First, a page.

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April 25, 2005

Comments

Brian Glass

Brian,

Thanks for giving me your thoughts and advice. I respect your leadership and your comments mean a lot.

I agree with your sentiments nearly 100%. My chief question arises from this statement: "Some people are called to serve a local church, while others are called to serve the church." My answer to this question is between God and me. Nobody else can answer it.

The difficulty arises when you realize that the answer to this question impacts my local church. If I find that I am called to serve "the church" then in order for me to succeed Crossroads would have to support me in that decision. Crossroads would have to live with a development process that will span several years. Software of this magnitude cannot be developed without an environment for testing.

My secondary concern is, if everyone follows your statement that, "First and foremost, you have to meet the needs of your church, its members, and the community," then nobody will ever produce a community driven open source CMS because they'll all decide to use something like F1. If one is to exist then someone and some church must be willing to take the plunge.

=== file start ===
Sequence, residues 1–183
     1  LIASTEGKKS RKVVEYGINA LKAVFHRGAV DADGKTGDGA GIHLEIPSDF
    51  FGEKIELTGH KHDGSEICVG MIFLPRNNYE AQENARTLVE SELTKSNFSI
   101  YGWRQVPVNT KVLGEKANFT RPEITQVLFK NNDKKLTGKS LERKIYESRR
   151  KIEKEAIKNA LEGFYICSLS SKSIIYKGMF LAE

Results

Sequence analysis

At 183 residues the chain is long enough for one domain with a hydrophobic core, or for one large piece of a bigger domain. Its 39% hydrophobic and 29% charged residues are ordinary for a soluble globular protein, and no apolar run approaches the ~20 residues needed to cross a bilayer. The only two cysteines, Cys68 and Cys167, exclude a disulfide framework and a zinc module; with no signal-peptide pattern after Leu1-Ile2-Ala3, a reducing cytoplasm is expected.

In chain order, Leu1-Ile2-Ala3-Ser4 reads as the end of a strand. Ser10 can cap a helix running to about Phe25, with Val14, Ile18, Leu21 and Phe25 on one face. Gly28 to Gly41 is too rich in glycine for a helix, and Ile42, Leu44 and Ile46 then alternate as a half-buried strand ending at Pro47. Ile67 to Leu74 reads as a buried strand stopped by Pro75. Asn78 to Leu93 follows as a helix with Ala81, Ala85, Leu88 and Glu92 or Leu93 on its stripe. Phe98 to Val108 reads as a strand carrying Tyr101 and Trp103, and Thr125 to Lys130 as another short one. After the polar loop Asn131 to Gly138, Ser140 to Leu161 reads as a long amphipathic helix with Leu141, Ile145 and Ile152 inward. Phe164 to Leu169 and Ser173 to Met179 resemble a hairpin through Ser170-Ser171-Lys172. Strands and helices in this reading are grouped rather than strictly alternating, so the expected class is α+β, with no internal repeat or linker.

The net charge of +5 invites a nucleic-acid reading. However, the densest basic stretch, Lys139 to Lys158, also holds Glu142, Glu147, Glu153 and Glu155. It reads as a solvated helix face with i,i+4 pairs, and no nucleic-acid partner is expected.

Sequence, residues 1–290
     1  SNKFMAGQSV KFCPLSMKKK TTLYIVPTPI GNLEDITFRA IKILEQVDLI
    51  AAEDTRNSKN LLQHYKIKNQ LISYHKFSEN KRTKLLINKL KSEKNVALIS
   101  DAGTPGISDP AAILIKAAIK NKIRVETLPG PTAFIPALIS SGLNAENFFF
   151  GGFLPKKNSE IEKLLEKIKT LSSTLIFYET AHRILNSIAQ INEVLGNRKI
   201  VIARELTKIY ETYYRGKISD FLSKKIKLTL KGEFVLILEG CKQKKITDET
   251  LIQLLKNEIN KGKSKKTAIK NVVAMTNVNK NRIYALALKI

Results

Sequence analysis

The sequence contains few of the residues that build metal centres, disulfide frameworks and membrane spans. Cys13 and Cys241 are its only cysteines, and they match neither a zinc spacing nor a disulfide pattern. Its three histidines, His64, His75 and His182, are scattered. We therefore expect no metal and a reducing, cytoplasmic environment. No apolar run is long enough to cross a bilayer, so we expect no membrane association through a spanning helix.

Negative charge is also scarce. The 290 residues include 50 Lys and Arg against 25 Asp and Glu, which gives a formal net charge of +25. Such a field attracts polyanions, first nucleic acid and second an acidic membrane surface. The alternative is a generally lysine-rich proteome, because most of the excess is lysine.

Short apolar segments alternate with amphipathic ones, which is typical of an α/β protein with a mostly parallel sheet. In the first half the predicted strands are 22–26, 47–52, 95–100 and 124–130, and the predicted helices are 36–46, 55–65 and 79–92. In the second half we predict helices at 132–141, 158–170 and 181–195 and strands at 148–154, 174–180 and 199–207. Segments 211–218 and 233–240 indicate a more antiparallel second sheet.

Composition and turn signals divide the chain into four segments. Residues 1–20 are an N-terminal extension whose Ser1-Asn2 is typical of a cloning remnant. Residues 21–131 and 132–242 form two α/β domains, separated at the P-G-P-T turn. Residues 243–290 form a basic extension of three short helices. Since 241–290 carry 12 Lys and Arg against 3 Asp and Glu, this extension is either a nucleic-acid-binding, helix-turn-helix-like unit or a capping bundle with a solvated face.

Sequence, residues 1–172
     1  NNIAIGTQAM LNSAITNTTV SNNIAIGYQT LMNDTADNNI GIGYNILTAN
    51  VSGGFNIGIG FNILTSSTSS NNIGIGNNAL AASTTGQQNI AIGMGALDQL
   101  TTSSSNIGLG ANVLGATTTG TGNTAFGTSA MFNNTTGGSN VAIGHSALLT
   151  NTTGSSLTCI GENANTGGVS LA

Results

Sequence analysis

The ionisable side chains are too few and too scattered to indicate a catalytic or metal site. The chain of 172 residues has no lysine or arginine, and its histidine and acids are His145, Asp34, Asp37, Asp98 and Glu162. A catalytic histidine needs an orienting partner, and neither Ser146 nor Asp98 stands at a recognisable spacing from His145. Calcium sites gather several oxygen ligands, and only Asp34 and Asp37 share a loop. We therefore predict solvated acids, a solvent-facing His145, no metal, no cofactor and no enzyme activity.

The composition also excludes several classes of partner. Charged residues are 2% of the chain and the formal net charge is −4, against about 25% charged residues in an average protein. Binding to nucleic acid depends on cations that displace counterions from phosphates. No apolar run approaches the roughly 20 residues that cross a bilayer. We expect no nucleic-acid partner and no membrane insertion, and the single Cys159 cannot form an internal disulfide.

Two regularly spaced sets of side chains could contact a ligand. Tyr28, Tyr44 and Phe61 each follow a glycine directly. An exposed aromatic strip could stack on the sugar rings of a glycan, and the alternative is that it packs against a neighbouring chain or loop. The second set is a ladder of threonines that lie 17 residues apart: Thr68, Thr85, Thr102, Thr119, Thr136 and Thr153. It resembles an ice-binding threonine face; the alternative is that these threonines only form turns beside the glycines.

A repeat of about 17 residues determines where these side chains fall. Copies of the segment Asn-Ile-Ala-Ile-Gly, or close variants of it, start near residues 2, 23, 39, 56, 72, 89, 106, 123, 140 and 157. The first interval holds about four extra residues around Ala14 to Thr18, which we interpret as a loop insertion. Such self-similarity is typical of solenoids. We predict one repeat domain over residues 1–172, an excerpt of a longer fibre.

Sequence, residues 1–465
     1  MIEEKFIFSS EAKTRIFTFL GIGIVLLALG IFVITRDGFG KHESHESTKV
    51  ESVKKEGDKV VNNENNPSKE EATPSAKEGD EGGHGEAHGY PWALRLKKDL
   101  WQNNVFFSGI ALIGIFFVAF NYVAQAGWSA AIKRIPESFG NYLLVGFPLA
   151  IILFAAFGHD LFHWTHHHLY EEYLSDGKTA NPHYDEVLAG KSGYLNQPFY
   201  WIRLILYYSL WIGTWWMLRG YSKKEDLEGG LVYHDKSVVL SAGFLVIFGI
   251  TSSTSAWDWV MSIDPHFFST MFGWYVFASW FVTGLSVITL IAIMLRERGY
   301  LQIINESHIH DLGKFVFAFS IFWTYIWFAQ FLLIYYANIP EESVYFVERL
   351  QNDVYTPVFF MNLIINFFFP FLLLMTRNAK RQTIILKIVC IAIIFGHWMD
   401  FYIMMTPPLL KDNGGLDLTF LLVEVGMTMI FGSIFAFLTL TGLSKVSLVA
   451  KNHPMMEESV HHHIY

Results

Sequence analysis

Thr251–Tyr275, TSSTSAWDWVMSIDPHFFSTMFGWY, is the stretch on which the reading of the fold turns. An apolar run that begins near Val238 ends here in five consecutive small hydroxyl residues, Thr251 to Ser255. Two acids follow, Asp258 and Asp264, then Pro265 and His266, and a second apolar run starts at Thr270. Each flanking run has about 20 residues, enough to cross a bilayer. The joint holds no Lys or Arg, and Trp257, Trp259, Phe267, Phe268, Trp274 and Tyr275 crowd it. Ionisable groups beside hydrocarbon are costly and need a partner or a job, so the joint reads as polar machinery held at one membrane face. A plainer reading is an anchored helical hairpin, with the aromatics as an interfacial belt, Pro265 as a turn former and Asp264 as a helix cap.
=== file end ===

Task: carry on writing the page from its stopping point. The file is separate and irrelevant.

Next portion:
I'm just struggling with whether or not that's me.

phil crissman

"A volunteer wrote this for us in Access...."

Boy, if I had a nickel for every time I heard that.

Well, okay, I'd really only have about 15 or 20 cents, but still, those apps can be a headache to deal with; especially when you start trying to upgrade computers, and someone tells you they have a "mission critical" application coded with Access 97...

Jim

Brian,

I agree with your philosophy to not reinvent the wheel but rather, focus your energy on things that will benefit your ministry. I too have heard people at churches state that 'so and so did this for us in Access and we jump thru all of these hoops to make it work but there's nothing wrong with it.' Yeah, right. How much energy is given to making a cut rate solution work when the time and attention could be devoted elsewhere in the church.

The Fellowship application is far and above better than most, if not all church management software packages. I spent alot of time researching CMS for my church and Fellowship met our needs on every level.

I think for a smaller church/smaller budget, open source may be a good option, although I know Fellowship is used even in startup churches.

Oftentimes, you get what you pay for. Cost is a huge factor, as you refer to, but it comes down to deciding what is important to your church and where does it make the most sense to spend the money God has entrusted to your church. There's a good chance that my church will go with Fellowship at some point in the future, we would rather wait for the best solution than upgrade to something else that, in the end, is not much better than what we already use.

Jason Powell

I know of 3 open source CMS projects currently underway ... Brian's would make 4.